The soundstage of my system improved dramatically when I moved and the system is now in a room with vaulted ceilings, much more room. I would say that the room is the primary issue.

No doubt, that nook is causing the "soundstaging" problem. You might want to try placing your speakers outside of the nook and see what happens. Had a friend who used to play in a band, and in one of the places they used to play, the stage was built into a nook (which he described as playing inside a box). Consequently when they played there and put the PA on the sides of the stage they would have problems with the sound being distributed throughout the room. They somewhat solved the problem by placing the PA offstage and to the front and the far sides of the nook, thus minimizing the effect that the nook was causing to the sound.
How much have you experimented with placement? Generally, the more you tip the speaker backwards so that the drivers are aimed upward, the higher the apparent soundstage. The amount of toe-in can also affect the height of the stage as well as the sense of the sound being bound in the speaker vs. floating free. The further one can get the speaker from all surfaces (side and back walls particularly, big hard pieces of furniture, tv set, etc.) the better the imaging.

Do some experimenting. I would start with tilting the speaker back a bit.
Thanks to everyone for all of your great responses. I will see what I can do about moving the speakers out of the nook so that they have the full width of the room to breathe. I will also try some heavy blankets behind and to the sides of the speakers. Wish me luck!
Im guessing you have already done this when setting up your speakers but maybe not. Have you tried playing with the rake? In my new smaller room(not pictured on my system)with the speakers raked to the front i gained about 6"-10" of height. Now vocals are around 5'-0" to 5'-6" from the floor. Just a thought.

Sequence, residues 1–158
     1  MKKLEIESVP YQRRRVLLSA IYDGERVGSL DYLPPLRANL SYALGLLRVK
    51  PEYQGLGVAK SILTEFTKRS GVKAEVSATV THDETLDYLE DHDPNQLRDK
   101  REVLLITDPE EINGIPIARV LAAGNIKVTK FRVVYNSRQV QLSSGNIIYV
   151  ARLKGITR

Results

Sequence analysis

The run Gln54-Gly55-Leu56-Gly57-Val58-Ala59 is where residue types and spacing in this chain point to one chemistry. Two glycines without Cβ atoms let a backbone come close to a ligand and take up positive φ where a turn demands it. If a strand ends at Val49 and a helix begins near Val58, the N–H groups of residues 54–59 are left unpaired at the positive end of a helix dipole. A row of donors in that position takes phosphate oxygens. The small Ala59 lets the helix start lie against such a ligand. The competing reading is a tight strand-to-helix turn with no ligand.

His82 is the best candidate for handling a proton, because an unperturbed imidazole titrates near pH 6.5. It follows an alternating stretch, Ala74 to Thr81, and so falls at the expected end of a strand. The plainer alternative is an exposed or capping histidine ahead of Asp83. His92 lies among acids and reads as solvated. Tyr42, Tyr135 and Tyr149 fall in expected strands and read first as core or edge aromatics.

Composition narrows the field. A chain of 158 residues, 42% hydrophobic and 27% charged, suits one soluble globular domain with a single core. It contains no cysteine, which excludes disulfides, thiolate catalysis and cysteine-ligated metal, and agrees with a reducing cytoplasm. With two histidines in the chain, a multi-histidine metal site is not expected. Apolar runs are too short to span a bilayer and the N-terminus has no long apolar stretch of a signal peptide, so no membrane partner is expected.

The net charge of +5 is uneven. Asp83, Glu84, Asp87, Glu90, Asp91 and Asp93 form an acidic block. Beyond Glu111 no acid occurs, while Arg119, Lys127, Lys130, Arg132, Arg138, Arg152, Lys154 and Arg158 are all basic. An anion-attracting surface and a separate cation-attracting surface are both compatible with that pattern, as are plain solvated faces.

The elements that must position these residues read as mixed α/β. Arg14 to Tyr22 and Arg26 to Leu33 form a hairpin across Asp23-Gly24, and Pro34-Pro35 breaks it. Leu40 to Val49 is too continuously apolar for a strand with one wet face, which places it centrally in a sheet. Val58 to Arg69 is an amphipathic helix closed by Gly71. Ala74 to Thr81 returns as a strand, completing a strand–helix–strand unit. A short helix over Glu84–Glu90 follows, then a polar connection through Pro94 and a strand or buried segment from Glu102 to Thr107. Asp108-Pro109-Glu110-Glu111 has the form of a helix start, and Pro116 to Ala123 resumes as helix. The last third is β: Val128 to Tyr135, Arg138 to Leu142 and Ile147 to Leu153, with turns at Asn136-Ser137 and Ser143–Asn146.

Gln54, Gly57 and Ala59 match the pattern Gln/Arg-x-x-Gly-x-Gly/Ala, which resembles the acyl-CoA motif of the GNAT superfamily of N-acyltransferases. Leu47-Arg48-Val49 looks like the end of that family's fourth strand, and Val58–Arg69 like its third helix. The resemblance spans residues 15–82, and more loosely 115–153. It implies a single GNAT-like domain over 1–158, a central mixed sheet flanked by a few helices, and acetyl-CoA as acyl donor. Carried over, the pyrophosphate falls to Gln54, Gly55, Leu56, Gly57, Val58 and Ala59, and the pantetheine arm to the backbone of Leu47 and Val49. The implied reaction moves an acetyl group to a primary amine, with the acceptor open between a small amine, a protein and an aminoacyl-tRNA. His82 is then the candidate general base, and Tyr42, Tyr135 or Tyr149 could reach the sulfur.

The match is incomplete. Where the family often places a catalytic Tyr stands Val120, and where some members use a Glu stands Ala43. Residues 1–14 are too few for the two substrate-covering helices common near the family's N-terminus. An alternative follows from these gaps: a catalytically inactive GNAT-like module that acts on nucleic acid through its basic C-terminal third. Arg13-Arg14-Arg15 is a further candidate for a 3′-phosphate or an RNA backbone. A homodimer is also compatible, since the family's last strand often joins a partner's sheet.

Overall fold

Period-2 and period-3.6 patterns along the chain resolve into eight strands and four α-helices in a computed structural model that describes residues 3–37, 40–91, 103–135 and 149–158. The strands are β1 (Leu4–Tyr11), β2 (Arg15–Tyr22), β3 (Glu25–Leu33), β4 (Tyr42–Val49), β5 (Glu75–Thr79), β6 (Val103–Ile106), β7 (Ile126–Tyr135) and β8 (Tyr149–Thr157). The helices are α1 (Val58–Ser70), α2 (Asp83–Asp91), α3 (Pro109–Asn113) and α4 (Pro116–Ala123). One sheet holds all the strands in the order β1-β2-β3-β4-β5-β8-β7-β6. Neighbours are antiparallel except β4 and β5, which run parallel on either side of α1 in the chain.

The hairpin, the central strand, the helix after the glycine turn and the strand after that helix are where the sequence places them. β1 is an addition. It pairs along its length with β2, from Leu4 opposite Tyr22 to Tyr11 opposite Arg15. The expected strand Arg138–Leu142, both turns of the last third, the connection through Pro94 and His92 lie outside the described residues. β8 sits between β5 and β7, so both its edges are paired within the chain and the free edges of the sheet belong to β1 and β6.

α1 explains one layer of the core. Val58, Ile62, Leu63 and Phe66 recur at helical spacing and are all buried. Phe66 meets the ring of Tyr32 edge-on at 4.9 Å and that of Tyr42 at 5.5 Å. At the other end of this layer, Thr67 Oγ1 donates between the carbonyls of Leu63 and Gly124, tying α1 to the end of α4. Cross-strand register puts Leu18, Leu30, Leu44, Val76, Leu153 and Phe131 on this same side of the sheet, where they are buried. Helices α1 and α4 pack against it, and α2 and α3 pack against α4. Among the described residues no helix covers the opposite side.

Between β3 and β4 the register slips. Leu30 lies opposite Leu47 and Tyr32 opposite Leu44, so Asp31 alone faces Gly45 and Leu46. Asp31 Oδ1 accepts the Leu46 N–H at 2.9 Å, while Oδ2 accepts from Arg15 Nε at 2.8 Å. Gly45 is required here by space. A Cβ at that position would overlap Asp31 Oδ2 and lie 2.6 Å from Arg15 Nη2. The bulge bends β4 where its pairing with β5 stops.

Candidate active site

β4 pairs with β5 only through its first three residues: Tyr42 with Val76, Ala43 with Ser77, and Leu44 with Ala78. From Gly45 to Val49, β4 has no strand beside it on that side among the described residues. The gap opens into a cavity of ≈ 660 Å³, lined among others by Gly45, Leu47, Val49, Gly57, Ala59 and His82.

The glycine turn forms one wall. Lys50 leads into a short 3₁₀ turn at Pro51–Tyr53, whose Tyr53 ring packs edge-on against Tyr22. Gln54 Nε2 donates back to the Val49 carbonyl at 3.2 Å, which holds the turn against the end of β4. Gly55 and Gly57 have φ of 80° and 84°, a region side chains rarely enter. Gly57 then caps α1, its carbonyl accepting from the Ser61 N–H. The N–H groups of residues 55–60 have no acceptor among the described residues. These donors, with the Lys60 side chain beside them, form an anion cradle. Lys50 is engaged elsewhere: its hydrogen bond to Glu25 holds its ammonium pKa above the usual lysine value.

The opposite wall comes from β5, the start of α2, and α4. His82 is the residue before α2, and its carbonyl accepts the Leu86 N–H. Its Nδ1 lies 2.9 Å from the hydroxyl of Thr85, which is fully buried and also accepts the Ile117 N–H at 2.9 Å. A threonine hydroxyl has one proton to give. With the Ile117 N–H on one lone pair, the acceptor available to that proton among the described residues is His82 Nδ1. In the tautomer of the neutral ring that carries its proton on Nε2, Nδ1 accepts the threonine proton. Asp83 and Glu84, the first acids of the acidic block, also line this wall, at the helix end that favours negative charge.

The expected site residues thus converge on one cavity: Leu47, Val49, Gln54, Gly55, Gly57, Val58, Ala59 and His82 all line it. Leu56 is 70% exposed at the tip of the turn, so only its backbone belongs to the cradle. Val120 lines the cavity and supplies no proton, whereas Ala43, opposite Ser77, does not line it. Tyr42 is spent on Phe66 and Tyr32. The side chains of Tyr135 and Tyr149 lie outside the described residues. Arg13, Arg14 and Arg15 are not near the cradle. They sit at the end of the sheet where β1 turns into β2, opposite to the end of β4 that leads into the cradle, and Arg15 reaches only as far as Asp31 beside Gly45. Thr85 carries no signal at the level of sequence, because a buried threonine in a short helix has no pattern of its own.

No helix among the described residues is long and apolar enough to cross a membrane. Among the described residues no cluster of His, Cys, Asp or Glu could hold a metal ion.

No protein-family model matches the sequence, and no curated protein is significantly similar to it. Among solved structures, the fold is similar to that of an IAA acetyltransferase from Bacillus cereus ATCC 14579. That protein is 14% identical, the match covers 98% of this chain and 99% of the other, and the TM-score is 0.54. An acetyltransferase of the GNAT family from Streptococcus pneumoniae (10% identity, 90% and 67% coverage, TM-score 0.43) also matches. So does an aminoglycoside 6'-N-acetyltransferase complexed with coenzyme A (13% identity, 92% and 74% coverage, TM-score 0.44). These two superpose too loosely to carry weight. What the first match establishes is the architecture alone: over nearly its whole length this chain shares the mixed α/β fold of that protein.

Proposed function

Hi tbooe

I agree that its the speaker/room integration. Aside from playing with speaker placement, and on that point try the method of placement, it helps to nullify problem nodes etc. Also, go to a home improvement store and buy a couple of those 4ft tall "bags" filled with sheets of unfaced pink insulation. About 14" diameter or whatever. They are about $40 bucks or so, but their return policies are pretty sweet. Just make sure there are no holes in the bags, or the insulation can get everywhere. Tape up the tops, and you're good to go.

One in each corner behind the spks should give you a good idea of how "bass traps" WILL improve things. I bet the spks are overloading your room and all those built up soundwaves are ruining your soundstaging potential, and just about every other aspect.

JonRisch over at has alot of inexpensive advice on building your own bass traps/panel absorbers etc....Speaker room interaction is the most important variable. I built four bass traps, floor to ceiling, pretty much identical to those offered by asc, and built panel absorbers for the reflection points. Without them, my stereo sounds broken in comparison.

Hope that helps.
try not to be too concerned about soundstage. real music doesn't present a soundstage in the manner audiophiles perceive it or talk about it.